Evaluate Text-to-SQL using GPT-3.5. The actual prompts can be found in this script.

By using GPT-3.5 in this way, we can create an evaluation metric for Text-to-SQL that better aligns with human preference.

Experimental Results

I extended the Spider benchmark’s evaluation with this new metric, which I named Answer Accuracy, as part of the LlamaIndex open source project. The code I used can be found here.

Using this new metric, I evaluated the generated SQL queries of the same 96 questions. The overall answer accuracy for GPT-3.5 text-davinci-003 is an impressive 88.54%. In fact, upon reviewing the error cases listed in my last blog post, I found that the cases that I pointed out to be correct were indeed marked as such, and the one true error case was correctly caught

To further validate this new metric, I tested it on outputs from other GPT models, including GPT-4. Here is the a plot of their answer accuracies:

Answer accuracies of GPT models (zero-shot) on 96 questions from Spider benchmark: code-davinci-002, 0.7917; text-davinci-003, 0.8854; gpt-3.5-turbo, 0.8542; gpt-4, 0.8958.
Answer accuracies of GPT models (zero-shot) on 96 questions from Spider benchmark

The resulting answer accuracies are as follows: code-davinci-002 at 79.17%, text-davinci-003 at 88.54%, gpt-3.5-turbo at 85.42%, and gpt-4 at 89.58%. As expected, GPT-4 outperformed the other models, which aligns with our practical experience of these models’ relative performance.

In contrast, the execution accuracies and match accuracies of GPT models do not align with our practical experience. Here is a plot showing these metrics used on GPT models.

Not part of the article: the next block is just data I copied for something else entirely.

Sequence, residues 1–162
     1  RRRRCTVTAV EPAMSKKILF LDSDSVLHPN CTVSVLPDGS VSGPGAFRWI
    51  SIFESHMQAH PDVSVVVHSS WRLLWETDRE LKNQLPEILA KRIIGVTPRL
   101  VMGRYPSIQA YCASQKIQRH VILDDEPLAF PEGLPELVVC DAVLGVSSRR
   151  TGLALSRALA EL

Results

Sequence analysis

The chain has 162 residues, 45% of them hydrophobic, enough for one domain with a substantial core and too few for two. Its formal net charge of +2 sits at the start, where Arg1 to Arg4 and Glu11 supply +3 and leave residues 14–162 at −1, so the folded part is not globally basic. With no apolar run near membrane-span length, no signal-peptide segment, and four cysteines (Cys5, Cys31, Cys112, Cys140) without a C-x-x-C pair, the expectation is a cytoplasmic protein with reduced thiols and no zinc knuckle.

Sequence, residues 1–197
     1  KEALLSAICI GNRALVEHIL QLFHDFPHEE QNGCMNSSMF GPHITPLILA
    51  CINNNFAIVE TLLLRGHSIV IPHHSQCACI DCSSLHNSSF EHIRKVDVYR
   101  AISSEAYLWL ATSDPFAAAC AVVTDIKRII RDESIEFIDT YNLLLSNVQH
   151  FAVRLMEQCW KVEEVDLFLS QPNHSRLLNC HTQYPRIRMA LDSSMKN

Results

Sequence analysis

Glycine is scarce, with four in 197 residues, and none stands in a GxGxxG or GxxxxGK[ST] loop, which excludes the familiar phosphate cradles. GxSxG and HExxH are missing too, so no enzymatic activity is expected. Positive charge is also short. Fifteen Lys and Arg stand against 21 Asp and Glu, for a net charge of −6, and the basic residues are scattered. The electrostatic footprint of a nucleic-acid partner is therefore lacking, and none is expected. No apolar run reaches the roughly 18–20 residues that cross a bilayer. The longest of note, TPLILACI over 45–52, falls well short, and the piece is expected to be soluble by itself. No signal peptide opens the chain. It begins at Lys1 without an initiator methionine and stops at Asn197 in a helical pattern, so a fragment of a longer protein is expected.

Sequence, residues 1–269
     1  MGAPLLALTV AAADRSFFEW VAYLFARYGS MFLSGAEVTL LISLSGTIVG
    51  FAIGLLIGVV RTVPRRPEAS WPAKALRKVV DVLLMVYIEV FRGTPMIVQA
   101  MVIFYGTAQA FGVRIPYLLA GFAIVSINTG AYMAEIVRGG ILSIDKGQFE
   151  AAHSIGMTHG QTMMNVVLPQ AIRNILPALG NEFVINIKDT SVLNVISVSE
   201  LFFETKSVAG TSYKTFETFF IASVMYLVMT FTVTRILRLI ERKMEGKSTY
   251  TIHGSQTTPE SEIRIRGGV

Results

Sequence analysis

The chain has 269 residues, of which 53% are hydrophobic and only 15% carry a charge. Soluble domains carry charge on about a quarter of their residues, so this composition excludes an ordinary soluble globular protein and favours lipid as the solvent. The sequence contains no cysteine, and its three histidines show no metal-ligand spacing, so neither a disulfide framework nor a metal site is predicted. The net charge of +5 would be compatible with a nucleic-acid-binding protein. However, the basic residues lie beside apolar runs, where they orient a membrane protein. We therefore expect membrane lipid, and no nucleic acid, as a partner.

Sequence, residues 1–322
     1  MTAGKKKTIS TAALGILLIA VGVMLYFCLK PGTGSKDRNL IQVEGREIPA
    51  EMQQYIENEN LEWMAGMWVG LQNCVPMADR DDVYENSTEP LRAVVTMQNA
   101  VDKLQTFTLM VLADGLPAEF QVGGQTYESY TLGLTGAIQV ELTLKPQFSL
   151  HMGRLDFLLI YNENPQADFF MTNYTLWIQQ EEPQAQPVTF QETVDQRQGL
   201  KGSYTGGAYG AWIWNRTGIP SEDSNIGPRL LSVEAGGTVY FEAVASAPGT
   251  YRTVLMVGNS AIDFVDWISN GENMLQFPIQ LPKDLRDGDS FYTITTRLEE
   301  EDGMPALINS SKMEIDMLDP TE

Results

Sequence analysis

Execution and exact match accuracies of GPT models on 96 questions sampled from Spider benchmark

If we use these metrics as the primary measurement of Text-to-SQL performance, we would think gpt-4 is less powerful than code-davinci-002. These results clearly do not match our practical experience with these models.

Key Implications

What are the key implications of this Text-to-SQL experiment?

Firstly, we found that the existing automatic metrics, namely execution accuracy and exact match accuracy, are mis-aligned with human preference. As a result, they should not be relied upon as the primary way to evaluate Text-to-SQL models.

Second, while human evaluation remains the gold standard, large language models (LLMs) such as GPT-3.5 and above can accurately approximate human preference. This is a potential game changer, because they allow us to evaluate Text-to-SQL models and estimate the expected human evaluation result. This is especially useful when human evaluation is not feasible due to budget limitation.

Thirdly, and this is where things get interesting, our use of instruction-tuned LLMs for evaluation could be generalized to many other tasks. This approach is especially useful for tasks whose output consists of simple statements that can be directly reasoned over by LLMs. And there’s a research paper on this very topic called “GPTScore”, which trains GPT-3.5 to evaluate NLP tasks using in-context learning.


This post is intended to provoke a conversation about Text-to-SQL evaluation, not to claim the answer accuracy metric is 100% human aligned or even robust. I am happy to collaborate if you would like to take a step further toward a better evaluation.



Researcher in Data Systems working at Microsoft Research. Views published here are not endorsed by my employer.

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Eric Zhù

Researcher in Data Systems working at Microsoft Research. Views published here are not endorsed by my employer.